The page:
3.1. Sticky according to whom? An industry divided

Provincial focus on strengthening the Ontario wine industry generally and VQA production specifically is at least in part due to a sense that the value added in the sale of wine is far greater than that of alternative beverages with respect to virtually all aspects of the supply chain. In 2008, KPMG released a WCO-commissioned report indicating that one litre of Ontario VQA wine purchased put $11.50 back into the Ontario economy, while the purchase of one litre of imported wine contributed only $0.67 (Bramble, 2009, p.183). The results of the KPMG studies have become contentious, however, according to an interviewee, for ‘argu[ing] that the LCBO should be treated as a customer of the Ontario wine industry and not a component of it’ when considering the economic impact of government wine sales. Given the economic gravity of government subsidies – such as preferential mark-ups, mark-up and levy-free direct delivery to licensees, free freight, free advertising and in-store promotions, additional shelf space, special store shelving and fixtures, permanent product features in LCBO consumer publications, staff training in local wine promotion, and $2 million per year in marketing support – one critic of the KPMG analyses emphasises that ‘the Government of Ontario collects far more per bottle of imported wine sold in LCBO stores compared to similarly priced Ontario VQA wine sold through a winery retail store … imported wines account for a quarter of LCBO net sales’.10

As demonstrated by the data on exports in Figure 3, Ontario wine currently caters to its domestic market. While there is some effort being put into devising an export strategy (see Dorozynski, 2011), some stakeholders indicate that the industrial strategy must be focused on the ‘ninety nine percent’ of Ontario wine’s consumer base, which is local, while others point to external trade constraints or the LCBO as a barrier to developing an export strategy. One party contacted for this study cited a 2003 Agreement facilitating trade in alcohol between Canada in the EU (in which ‘the provinces and industry played a major part’) as evidence that the reasons that Ontario lacks an export strategy stem from within the industry itself (see Investment Agriculture Foundation, 2003). While limited acreage in production and a perceived emphasis on ICB over VQA wines were identified by this source as contributing to the internal logic for the industry’s insularity, ‘tremendous profit incentives’ for selling wines locally through winery retail stores were suggested to be significant in stifling export growth. The effect of such incentives has been reiterated publically by LCBO representatives Philip Olson and Bob Peter (see Ontario Parliament, 2012, pp.A-151–52, 155).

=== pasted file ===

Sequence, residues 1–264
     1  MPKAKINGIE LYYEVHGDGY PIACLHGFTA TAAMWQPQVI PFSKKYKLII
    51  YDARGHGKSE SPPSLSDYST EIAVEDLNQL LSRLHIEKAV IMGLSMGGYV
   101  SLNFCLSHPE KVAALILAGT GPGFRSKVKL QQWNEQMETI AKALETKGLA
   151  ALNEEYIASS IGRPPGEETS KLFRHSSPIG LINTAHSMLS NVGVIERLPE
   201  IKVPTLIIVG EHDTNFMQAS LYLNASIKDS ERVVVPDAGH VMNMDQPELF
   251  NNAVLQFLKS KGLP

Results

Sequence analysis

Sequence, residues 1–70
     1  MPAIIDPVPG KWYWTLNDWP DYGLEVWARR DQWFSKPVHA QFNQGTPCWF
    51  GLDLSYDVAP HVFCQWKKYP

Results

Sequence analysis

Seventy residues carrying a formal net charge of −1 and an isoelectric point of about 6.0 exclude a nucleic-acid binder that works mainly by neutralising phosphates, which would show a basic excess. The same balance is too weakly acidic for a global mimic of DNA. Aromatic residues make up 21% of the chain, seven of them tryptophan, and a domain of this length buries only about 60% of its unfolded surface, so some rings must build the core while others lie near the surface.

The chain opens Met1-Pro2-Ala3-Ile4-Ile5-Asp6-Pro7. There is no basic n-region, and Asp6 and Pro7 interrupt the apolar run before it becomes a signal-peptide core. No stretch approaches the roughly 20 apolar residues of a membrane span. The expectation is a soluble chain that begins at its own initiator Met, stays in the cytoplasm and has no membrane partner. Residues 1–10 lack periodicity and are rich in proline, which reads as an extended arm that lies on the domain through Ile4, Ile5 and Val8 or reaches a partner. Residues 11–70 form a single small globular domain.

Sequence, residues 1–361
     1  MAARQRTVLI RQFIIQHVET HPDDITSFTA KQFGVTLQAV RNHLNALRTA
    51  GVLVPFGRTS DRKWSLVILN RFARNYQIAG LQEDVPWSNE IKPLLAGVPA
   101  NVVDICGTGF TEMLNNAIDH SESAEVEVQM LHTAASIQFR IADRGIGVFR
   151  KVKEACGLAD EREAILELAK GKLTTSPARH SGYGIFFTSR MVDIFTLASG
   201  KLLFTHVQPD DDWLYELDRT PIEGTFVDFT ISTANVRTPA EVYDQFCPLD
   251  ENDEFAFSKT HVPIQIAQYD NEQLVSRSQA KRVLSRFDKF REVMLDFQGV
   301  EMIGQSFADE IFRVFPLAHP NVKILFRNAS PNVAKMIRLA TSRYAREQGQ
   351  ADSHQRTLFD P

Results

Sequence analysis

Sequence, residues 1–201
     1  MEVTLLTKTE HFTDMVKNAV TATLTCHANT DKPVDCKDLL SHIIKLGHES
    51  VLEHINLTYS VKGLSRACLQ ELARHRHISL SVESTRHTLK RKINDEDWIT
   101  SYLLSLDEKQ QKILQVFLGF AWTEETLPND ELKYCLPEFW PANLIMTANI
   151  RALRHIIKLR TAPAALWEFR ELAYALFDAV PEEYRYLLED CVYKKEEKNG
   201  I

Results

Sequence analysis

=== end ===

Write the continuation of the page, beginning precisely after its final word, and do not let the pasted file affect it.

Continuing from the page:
The position taken by the WCO, as indicated by the proceedings of the recent agency review of the LCBO, is that monopolised retailing and annually-negotiated prices for grapes are two features of the regulatory structure that most hinder the competitiveness of Ontario VQA wines (see Menon, 2012), while the GGO and WGAO came out in public support for the retailing structure as it exists under the 2009 framework (see Ontario Parliament, 2012, pp.A-83, 88). On the subject of more private distribution, the GGO representative warned the committee that specialty wine shops would serve more to flood the Ontario market with imports than bolster VQA sales (pp.A-89, 91). For the WCO’s part, it has been criticised for omitting ICB producers from its provincially-funded tourism brochures – a responsibility that dates back to the 2002 industry strategy that gave the WCO oversight of the component having to do with tourism marketing.

4. Un-sticking institutions: the role of policy-oriented learning

Perhaps due to heightened scrutiny, the GGO and LCBO have been the two organisations most conducive to reform considering either the current or historical context. While the GGO and WGAO perhaps have cause for public disagreement over content standards, these two organisations have been the most willing to work within the existing paradigm, advocating for incremental reform, while the WCO has been active in its espousal of wholesale revisions to the regulatory and institutional framework. It appears as though proximity to government in the case of the LCBO and GGO has forced these organisations to be adaptable in instances of provincial leadership, while increased distance between the province and the WCO under the 2009 policy framework has created a rift between the government and estate-sized processors. The province’s ability to mend divisions between industry has, however, proven itself in the case of mandated negotiations between GGO and WCO in 2008 for the end of forging a ‘strategic vision’ (see Dombrowsky, 2008). The province is therefore capable of playing the role of policy broker between quarrelling coalitions, a phenomenon said to promote cross-coalition learning by Sabatier (1998).